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Overall Rating
2.94

Awesome: 17.5%
Worth A Look: 27.5%
Just Average: 15%
Pretty Crappy: 11.25%
Sucks28.75%

4 reviews, 56 user ratings


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Gran Torino
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by Erik Childress

"Never Trust Eastwood With A Car Title"
2 stars

History will have few bad words to say about Clint Eastwood. The iconic actor responsible for some of the most memorable screen characters by name or no name turned into one of the most respected and honored directors of our time. When it was announced he would (again) be getting a second project off the ground for the calendar year, the early assumption based on what little was known about it was that Gran Torino would be the sixth and final installment in the Dirty Harry series. Also, that it would be Clint’s swan song from acting. What a way to go out, huh? At the time Harry Callahan was cleaning up the remains of The Dead Pool, Clint was also embarking on his most ambitious work to date with Bird, the biopic of Charlie Parker. 20 years later with Unforgiven, A Perfect World, Mystic River, Million Dollar Baby and Letters from Iwo Jima under his belt (amongst others), how interesting would it be to see THAT Clint take on an older, retired and possibly even more grizzled punk shooter? Unfortunately it looks like we’ll never know because Gran Torino turned out not to be a Dirty Harry film, although perhaps it should have been. That way we could have written it off as just goofy nonsense rather than a downright laughable attempt at avenging race relations.

When we first meet “Don’t call me Walt” Kowalski (Eastwood) he is observing the habits of his family attending the funeral of his wife. The inappropriate talk and dress of his grandchildren is enough to make any mourner wince, but Walt is a grunter. Walt grunts the way most of us sigh or roll our eyes, making him sound like mute henchman. He’s also an incredible racist and is not shy about it. His time killing “gooks” and “zipperheads” in the Korean War haven’t left him with much appreciation for the heavily-populated Asian-American neighborhood. He hates his family. He hates the church. The only things he appears to love are his golden retriever, his pristine lawn and the vintage Gran Torino in his garage built in the factory he used to work in.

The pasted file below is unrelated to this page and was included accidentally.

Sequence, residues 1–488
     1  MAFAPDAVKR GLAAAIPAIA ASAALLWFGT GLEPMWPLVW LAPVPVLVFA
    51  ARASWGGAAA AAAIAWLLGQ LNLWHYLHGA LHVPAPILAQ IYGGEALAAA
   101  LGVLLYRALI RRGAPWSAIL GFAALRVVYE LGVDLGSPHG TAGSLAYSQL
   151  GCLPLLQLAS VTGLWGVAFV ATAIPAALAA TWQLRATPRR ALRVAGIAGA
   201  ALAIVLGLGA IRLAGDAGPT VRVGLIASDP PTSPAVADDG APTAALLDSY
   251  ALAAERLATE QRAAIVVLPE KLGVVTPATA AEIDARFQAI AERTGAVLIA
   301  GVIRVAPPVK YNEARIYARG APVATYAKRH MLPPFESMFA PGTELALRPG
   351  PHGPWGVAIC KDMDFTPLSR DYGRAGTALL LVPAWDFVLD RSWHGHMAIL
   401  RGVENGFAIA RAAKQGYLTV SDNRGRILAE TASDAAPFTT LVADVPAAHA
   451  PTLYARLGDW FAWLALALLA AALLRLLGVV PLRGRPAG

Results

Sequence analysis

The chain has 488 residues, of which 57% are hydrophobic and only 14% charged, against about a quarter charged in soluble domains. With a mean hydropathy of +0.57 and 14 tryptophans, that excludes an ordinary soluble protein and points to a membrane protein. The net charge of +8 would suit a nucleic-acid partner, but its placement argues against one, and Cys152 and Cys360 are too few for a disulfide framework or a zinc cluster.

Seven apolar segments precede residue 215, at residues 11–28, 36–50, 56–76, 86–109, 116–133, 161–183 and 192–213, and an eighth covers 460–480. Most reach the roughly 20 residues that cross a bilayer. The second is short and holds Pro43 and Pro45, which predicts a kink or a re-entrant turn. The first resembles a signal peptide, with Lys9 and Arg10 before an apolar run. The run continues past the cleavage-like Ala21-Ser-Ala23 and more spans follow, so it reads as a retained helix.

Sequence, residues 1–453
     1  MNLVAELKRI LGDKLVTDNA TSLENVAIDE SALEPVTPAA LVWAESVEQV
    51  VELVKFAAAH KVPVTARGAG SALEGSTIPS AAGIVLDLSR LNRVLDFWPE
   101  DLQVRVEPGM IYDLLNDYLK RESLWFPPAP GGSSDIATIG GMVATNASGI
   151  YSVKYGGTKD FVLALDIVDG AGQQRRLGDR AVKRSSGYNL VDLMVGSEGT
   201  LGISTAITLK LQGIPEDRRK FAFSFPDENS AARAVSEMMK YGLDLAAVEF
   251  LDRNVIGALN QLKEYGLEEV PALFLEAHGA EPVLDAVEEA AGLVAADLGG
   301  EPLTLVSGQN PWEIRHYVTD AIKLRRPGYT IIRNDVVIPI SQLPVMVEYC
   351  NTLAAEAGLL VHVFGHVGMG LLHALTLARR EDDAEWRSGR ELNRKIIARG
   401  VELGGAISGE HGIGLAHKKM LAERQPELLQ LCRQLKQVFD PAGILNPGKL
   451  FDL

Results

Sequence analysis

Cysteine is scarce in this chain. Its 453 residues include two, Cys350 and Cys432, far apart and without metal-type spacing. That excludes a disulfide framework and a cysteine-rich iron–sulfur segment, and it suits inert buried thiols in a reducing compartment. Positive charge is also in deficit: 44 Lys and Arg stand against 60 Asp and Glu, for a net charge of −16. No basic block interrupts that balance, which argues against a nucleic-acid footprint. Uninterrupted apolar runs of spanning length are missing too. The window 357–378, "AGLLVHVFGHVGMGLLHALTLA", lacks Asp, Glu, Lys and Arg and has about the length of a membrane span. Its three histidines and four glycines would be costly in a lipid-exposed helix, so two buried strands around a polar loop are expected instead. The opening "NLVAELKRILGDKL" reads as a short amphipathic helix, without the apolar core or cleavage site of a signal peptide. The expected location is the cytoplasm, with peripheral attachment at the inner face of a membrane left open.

Thao (Bee Vang) is the teenage boy who lives next door. Overhearing how he’ll never be the man of the house, he considers an offer by his gangbangin’ cousin, Spider (Doua Moua) and his crew for initiation into their gang. The target: Walt’s Gran Torino. Not-so-lucky for Thao, Walt is a light sleeper and is caught redhanded at gunpoint. After escaping and regretting his decision, Thao is harassed again by his cousin’s bros, leading to a skirmish that spills over onto Walt’s property leading to the priceless grumpy old man warning (again at gunpoint), “GET OFF MY LAWN.” As thanks for coming to Thao’s rescue, Walt’s Asian neighbors deliver him food on his doorstep and offer the boy’s services to him as repayment for his indiscretion. Walt initially wants no part of this hospitality but sees an opportunity to help clean up the neighborhood and maybe teach Thao about what it is to be a man while the gang continues to goad the boy into membership.

Because Eastwood plays Kowalski as such an unapologetic racist, but with that traditional tough guy glint in his eye, it’s very easy to mistake Gran Torino as some kind of dark comedy at first. As in the more you hear it, the more desensitized you are to it. Whether as a defense mechanism or simply because you find any insults hilarious, it’s impossible not to laugh through the first hour; sometimes by the film’s intention and most of the time not so much. While some of us went long on the over/under of the word “gook” being used, it’s more than made up for with the likes of “rice eaters”, “fish heads”, “ding dong” and “Charlie Chan” amongst others. Far from being insulted by the language, especially since it fits Walt’s character, but the longer it goes, the less funny it feels and the glaring flaws in trying to tell this story become readily more up front.

As the film shifts into a “gettin’ to know ya” type piece about race relations, Nick Schenk’s screenplay never quite grasps how to get beyond the standard clichés. What slowly develops into a Miyagi/Daniel-san relationship with the racial roles reversed, one of the many embarrassing scenes and easily the point from which there is no return, Walt takes Thao to his local barber to which he shares a manly camaraderie with. It consists not of talk about broads or the local sports team, but trading insults – apparently the core lesson that will get the boy into becoming a man. The scene makes sense early on as its two friends alone, bantering racial insults at one another. But when Thao is added into the equation, you have the barber hauling taunts at a stranger and even goes so far to pull a shotgun on him. Again, this is meant as humor.